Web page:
A van der Waals heterostructure is a type of metamaterial that consists of vertically stacked two-dimensional building blocks held together by the van der Waals forces between the layers. This design means that the properties of van der Waals heterostructures can be engineered precisely, even more so than those of two-dimensional materials1. One such property is the ‘twist’ angle between different layers in the heterostructure. This angle has a crucial role in the electronic properties of van der Waals heterostructures, but does not have a direct analogue in other types of heterostructure, such as semiconductors grown using molecular beam epitaxy. For small twist angles, the moiré pattern that is produced by the lattice misorientation between the two-dimensional layers creates long-range modulation of the stacking order. So far, studies of the effects of the twist angle in van der Waals heterostructures have concentrated mostly on heterostructures consisting of monolayer graphene on top of hexagonal boron nitride, which exhibit relatively weak interlayer interaction owing to the large bandgap in hexagonal boron nitride2,3,4,5. Here we study a heterostructure consisting of bilayer graphene, in which the two graphene layers are twisted relative to each other by a certain angle. We show experimentally that, as predicted theoretically6, when this angle is close to the ‘magic’ angle the electronic band structure near zero Fermi energy becomes flat, owing to strong interlayer coupling. These flat bands exhibit insulating states at half-filling, which are not expected in the absence of correlations between electrons. We show that these correlated states at half-filling are consistent with Mott-like insulator states, which can arise from electrons being localized in the superlattice that is induced by the moiré pattern. These properties of magic-angle-twisted bilayer graphene heterostructures suggest that these materials could be used to study other exotic many-body quantum phases in two dimensions in the absence of a magnetic field. The accessibility of the flat bands through electrical tunability and the bandwidth tunability through the twist angle could pave the way towards more exotic correlated systems, such as unconventional superconductors and quantum spin liquids.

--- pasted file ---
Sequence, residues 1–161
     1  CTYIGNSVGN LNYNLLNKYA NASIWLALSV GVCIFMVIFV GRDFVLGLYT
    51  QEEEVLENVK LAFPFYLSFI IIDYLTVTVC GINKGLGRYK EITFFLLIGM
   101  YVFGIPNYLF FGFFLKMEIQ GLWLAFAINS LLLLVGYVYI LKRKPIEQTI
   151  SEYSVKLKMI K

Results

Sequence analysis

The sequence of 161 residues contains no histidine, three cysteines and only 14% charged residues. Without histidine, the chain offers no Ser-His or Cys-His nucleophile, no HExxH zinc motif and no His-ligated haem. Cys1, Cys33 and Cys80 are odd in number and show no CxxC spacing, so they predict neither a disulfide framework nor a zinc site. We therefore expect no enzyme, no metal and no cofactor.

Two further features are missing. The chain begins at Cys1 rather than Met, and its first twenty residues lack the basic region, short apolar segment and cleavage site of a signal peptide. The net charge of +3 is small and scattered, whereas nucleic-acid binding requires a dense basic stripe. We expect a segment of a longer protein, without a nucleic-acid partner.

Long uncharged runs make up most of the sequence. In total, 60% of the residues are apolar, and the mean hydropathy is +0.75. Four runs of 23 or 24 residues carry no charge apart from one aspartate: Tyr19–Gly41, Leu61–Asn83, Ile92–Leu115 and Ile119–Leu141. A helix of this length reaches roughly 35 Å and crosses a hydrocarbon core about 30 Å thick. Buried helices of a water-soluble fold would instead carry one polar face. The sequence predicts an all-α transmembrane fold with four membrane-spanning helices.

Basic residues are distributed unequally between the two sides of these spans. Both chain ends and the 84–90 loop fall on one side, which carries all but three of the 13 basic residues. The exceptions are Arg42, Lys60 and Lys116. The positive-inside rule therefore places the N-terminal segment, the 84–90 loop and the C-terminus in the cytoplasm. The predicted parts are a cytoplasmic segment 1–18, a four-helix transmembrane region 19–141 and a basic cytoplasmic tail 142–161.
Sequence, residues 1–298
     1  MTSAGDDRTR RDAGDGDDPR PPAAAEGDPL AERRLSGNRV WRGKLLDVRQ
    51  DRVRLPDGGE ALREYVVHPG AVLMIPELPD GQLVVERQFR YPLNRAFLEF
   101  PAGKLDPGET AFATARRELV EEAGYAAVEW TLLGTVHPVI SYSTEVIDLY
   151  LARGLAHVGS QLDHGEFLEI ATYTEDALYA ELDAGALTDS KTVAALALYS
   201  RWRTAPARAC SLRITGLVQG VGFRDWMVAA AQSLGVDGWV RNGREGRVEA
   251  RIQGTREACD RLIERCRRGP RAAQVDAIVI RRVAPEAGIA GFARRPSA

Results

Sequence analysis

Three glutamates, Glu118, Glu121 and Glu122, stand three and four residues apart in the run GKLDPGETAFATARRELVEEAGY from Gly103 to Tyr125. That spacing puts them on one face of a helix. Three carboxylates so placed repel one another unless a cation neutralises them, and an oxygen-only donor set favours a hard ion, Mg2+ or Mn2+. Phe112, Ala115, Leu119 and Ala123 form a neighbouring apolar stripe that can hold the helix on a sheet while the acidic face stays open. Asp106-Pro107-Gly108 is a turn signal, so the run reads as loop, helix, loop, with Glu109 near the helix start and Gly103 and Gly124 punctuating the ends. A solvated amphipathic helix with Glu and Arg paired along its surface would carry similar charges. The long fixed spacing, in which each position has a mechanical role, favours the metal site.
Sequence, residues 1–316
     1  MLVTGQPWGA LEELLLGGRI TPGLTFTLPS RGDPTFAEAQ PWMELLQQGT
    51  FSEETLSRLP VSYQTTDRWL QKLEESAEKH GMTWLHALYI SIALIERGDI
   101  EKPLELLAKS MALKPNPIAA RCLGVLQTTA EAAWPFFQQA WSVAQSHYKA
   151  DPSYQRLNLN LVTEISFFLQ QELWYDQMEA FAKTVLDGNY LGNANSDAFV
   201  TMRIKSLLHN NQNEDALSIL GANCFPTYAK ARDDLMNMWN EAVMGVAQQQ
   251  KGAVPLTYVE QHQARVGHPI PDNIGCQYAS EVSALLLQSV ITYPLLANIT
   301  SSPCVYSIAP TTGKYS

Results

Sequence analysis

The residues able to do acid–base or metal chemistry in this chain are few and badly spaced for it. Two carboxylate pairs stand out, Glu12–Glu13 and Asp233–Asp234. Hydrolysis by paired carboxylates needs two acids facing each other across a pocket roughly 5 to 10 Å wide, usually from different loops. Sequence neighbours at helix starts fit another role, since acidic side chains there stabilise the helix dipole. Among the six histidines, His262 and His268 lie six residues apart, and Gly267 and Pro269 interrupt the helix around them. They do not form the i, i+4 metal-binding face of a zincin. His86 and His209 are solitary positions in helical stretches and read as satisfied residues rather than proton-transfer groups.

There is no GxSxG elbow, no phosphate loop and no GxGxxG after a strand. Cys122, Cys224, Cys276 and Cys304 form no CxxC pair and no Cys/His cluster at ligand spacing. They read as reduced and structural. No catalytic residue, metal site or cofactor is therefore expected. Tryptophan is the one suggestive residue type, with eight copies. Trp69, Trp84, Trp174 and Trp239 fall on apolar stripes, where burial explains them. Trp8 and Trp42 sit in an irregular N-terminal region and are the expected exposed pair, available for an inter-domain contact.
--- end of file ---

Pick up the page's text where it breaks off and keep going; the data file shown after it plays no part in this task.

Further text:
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We acknowledge discussions with L. Levitov, P. Lee, S. Todadri, B. I. Halperin, S. Carr, Z. Alpichshev, J. Y. Khoo and N. Staley. This work was primarily supported by the National Science Foundation (NSF; DMR-1405221) and the Gordon and Betty Moore Foundation’s EPiQS Initiative through grant GBMF4541 for device fabrication, transport measurements and data analysis (Y.C., J.Y.L., J.D.S.-Y. and P.J.H.), with additional support from the NSS Program, Singapore (J.Y.L.). Capacitance work by R.C.A., A.D. and S.L.T. and theory work by S.F. was supported by the STC Center for Integrated Quantum Materials, NSF grant number DMR-1231319. Data analysis by V.F. was supported by AFOSR grant number FA9550-16-1-0382. K.W. and T.T. acknowledge support from the Elemental Strategy Initiative conducted by MEXT, Japan and JSPS KAKENHI grant numbers JP15K21722 and JP25106006. This work made use of the Materials Research Science and Engineering Center Shared Experimental Facilities supported by the NSF (DMR-0819762) and of Harvard’s Center for Nanoscale Systems, supported by the NSF (ECS-0335765). E.K. acknowledges support by ARO MURI award W911NF-14-0247. R.C.A. acknowledges support by the Gordon and Betty Moore Foundation under grant number GBMF2931.